You are forgiven if you missed the most important story of the week given the political pyrotechnics culminating in President Donald Trump’s welcome disavowal of the nativist chant “Send her back.” Trump will wisely smother such outbursts at rallies, but expect provocateurs to try to get it started again and again. It’s a deeply offensive and un-American echo of the “Know-Nothings” of the 19th century, whose fury was directed at Roman Catholics.
There is a tie, though, between the Know-Nothings of long ago and another significant story of the week: the State Department’s second annual Ministerial to Advance Religious Freedom, which brought more than 1,000 delegates from 100 countries together in Washington. The statements of the gathering — on the anti-religious freedom policies of China, Iran and Myanmar, for example — do not deal with long-ago systemic discrimination against Roman Catholic immigrants to the U.S., but with its very real, very present-day cousin: violent repression of this most basic of human rights across wide swaths of the world, which is the ability to find and know God.
The forces of anti-religious pluralism are ascendant in many places across the globe. Although they are almost eradicated from the United States, the struggle for religious freedom is ongoing even here, as Philadelphia’s able and much admired Roman Catholic Archbishop Charles Chaput argued at length this month in a speech that ought to travel far and wide.
Secretary of State Mike Pompeo has advanced this issue of religious freedom to the fore with the assistance of Sam Brownback, the U.S. ambassador-at-large for international religious freedom, and the strong backing of the president. It will be an enduring mark of Pompeo’s tenure at Foggy Bottom. His new Commission on Unalienable Rights will continue the State Department’s focus on the agenda of liberties owed to every individual by virtue of their existence — primary among them being the right to exercise religious beliefs freely and without interference from the state. Understanding one’s place in the universe, and whether there is a creator and what that creator demands of people, has been a driver for humankind since we began remembering our story.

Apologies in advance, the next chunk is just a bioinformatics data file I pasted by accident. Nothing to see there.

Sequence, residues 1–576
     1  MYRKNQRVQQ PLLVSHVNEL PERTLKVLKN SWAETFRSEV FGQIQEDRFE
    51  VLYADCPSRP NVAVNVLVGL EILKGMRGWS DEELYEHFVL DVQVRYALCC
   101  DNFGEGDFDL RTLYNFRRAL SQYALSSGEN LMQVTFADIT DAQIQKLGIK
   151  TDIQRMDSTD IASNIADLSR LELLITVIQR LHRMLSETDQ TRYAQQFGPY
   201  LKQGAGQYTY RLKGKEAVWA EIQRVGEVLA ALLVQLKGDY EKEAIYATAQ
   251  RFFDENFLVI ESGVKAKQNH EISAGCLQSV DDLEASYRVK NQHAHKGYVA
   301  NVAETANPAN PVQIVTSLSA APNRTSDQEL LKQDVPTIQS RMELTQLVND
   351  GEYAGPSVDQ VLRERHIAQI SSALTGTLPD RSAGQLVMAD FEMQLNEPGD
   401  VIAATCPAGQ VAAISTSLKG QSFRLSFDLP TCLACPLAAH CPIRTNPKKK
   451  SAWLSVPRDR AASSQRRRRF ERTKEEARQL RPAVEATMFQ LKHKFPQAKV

Religious liberty and religious toleration are also the keys to a stable world. I interviewed Pompeo on Wednesday and raised this question: Could he persuade, say, President Xi Jinping of China, that it is far preferable and, indeed, more stable for a vast country to embrace robust religious toleration than to attempt to erase, for example, the culture and beliefs of the Muslim Uighur population by internment and “re-education”?
“We’ve certainly made this argument not only to the Chinese but to every country that’s not living up to their obligations for their give them religious freedom that they have by right of their humanness,” Pompeo replied. “Nations become stronger when they permit their citizens to exercise their core beliefs about who they really are.”
Pompeo is echoing Jefferson and Madison when he said there is “a central premise” that “religious freedom makes countries stronger” — that it produces security and safety as well as economic growth. Religious liberty is a building block of political stability; religious pluralism the cement of sturdy, long-lived states. Pompeo’s appeal is to history. He isn’t asking Xi to become the new Constantine and order China’s 1.4 billion people to convert to Pompeo’s own Christianity — far from it, in fact. Pompeo’s agenda is Madison’s: Protecting an individual’s right to seek the answers about God and to hear all the arguments produces political stability, as it has in the United States.
It has taken 2,000 years for Christianity to achieve the consensus position that no conversion by the sword is a conversion worth having. A broad and growing consensus on this point is crucial for the safety of all in the new millennium. All major world religions have their extreme fringe, but the understanding is ascendant rising that only genuine tolerance of competing religious belief systems — wide-open but noncoercive invitations to preach and proselytize any faith claim — is the building block of political stability.
This is an argument worth having with every government on the planet. It is a persuadable proposition. Good for Trump, Pompeo and Brownback to have the courage to promote Madison and Jefferson in an age of cynicism about faith and its centrality to a happy life and a stable world.